I have worked on several deals involving Salesforce and Dynamics 365 and based on my unscientific observation about 50% of the deals always get taken away by Salesforce. I have always wanted to know what was the reason for this? So I decided that I would go into the world of Salesforce so that I could see how Salesforce seemingly beats the crap out of Dynamics 365 about 50% of the time and here is what I found out.
1. Dynamics 365 is the wrong comparison for Salesforce. Dynamics 365 is Microsoft’s first-party implementation of xRM. By pitting it against Salesforce which has evolved from being just an xRM into a Platform it is like making the customer choose between a brand new engine (Dynamics 365) and a second-hand car (Salesforce). The first may be built with modern technologies in mind but a new engine cannot take you anywhere. A second-hand car, on the other hand, can take you where you need to go. Most of the customers who choose Salesforce over Dynamics 365 believe they are choosing a complete car over a brand new engine.
2. Don’t sell Dynamics 365, Common Data Services, Power BI, and Azure Services as separate components. Sell everything as Power Platform. Salesforce is always sold as a Platform and not by individual products. In my experience, Salesforce Solution Architects never say that Einstein is a separate product. Microsoft Dynamics Solution Architects on the other hand always sell Power BI and Azure AI Platform as separate products.
3. Don’t get bogged down by Microsoft’s overlapping and sometimes competing products. Salesforce Solution Architects never tell the customer that Salesforce Sales, Marketing, Service, Mulesoft, and Artificial Intelligence components are actually separated in the backend or that their Financial Services Cloud is a complication built on top of the Account entity. They always tell the customer that everything is Salesforce. Microsoft Dynamics Solution Architects on the other hand like to emphasize Common Data Services as the glue that binds different Microsoft and partner (e.g. Adobe & SAP) products together. This creates confusion with the customer who thinks it is more difficult to integrate Microsoft and partner products because they are different products and not one single solution.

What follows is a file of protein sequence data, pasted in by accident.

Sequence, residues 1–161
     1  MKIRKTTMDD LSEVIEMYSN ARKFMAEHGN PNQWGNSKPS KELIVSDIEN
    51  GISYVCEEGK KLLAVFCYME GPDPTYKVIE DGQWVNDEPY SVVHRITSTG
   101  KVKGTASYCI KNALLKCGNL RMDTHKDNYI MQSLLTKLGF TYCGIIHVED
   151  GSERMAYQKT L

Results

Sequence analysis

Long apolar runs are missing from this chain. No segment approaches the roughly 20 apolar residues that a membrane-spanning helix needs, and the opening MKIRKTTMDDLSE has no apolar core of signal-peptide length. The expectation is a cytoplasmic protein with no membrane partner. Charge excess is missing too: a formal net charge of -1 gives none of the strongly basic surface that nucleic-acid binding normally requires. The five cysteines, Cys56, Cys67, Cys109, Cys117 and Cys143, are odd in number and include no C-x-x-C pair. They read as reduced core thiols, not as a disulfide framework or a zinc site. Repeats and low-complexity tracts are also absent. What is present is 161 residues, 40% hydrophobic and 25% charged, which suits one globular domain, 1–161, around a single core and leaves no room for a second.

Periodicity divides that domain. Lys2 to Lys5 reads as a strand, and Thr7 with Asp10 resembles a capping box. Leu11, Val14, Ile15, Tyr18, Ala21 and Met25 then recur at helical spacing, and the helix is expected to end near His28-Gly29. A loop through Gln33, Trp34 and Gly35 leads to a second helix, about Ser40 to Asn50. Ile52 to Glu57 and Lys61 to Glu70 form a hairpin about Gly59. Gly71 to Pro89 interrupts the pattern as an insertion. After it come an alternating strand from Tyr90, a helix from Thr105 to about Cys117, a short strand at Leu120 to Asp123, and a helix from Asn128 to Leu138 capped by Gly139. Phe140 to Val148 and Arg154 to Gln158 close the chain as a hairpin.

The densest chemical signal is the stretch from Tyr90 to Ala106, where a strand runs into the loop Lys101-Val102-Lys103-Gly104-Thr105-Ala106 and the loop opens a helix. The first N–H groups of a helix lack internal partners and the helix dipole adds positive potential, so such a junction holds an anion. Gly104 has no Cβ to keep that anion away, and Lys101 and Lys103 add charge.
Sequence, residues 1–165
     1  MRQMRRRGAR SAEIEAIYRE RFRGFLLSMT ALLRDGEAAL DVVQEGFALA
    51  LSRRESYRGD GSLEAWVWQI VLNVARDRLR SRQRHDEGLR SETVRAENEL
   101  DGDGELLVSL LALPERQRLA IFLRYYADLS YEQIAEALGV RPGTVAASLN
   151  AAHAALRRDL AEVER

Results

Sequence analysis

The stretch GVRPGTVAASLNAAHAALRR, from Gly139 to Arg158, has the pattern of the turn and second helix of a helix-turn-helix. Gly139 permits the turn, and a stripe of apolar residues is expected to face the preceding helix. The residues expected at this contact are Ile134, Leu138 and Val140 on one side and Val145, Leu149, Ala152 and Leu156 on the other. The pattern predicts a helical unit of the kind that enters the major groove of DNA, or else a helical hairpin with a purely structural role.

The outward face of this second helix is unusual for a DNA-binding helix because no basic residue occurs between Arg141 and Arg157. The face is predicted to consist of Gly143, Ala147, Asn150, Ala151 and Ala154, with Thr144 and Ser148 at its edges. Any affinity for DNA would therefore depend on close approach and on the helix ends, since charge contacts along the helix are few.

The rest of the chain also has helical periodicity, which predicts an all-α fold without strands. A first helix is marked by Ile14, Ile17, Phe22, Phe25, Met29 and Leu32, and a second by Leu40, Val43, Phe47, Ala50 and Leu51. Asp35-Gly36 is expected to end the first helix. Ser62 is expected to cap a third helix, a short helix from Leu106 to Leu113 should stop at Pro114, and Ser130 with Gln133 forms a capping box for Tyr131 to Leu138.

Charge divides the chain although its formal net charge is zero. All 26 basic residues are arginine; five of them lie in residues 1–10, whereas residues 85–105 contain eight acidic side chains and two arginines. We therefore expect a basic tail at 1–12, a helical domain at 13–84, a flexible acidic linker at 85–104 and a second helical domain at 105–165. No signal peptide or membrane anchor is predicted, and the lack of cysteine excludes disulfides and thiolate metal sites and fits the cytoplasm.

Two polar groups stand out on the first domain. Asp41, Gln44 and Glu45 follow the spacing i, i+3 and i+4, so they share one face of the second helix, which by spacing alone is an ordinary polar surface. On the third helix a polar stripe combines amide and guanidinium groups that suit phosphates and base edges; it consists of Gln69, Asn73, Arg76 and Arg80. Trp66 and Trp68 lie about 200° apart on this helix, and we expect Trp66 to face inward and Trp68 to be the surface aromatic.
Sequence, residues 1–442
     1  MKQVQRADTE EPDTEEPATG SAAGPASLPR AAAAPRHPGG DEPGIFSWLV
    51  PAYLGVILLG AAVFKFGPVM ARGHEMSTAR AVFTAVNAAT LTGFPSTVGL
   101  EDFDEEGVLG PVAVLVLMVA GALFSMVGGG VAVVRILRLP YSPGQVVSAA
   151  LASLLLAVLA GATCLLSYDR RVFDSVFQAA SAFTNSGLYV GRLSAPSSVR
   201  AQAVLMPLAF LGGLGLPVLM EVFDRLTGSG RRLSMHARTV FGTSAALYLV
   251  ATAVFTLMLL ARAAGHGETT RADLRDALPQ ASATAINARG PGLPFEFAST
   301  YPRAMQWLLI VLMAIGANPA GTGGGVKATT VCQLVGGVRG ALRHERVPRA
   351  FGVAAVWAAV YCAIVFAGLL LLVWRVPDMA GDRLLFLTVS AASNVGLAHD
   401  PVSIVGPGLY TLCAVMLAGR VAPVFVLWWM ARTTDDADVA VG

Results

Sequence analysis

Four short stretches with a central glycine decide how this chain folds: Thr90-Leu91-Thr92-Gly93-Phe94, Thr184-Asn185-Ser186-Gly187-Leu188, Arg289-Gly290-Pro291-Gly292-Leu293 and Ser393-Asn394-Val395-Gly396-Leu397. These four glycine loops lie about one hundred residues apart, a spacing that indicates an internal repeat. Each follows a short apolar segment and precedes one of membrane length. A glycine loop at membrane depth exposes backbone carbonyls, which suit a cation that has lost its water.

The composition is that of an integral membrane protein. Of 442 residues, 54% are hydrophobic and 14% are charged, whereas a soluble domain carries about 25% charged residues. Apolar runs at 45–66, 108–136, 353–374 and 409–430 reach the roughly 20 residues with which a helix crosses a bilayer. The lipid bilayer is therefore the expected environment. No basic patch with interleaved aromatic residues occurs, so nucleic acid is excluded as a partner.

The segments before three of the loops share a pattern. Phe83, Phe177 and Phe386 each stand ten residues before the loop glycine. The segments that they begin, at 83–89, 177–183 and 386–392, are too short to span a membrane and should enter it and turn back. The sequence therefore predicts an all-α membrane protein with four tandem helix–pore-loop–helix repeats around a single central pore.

4. Architect and Design from inside out. Salesforce Solution Architects usually “pressure” the customer to follow their so-called “Industry Standards” in order to reduce any custom effort down to configuration changes only. Microsoft Dynamics Solution Architects on the other hand, usually accede to customer demands which results in a lot of custom components. Many of these Architects still believe that “handyman” customization is a strength of Dynamics 365 products. Even if it is true that Microsoft Dynamics 365 is flexible enough the navigate any type of customization, the customer will always see customizations as additional costs. Also, one of the reasons why Salesforce Solution Architects “pressure” the customer to follow their so-called “Industry Standards” is to make it difficult for the customer to switch back to Dynamics 365. Microsoft Dynamics Solution Architects however will readily make their solution as easy to switch to Salesforce as possible.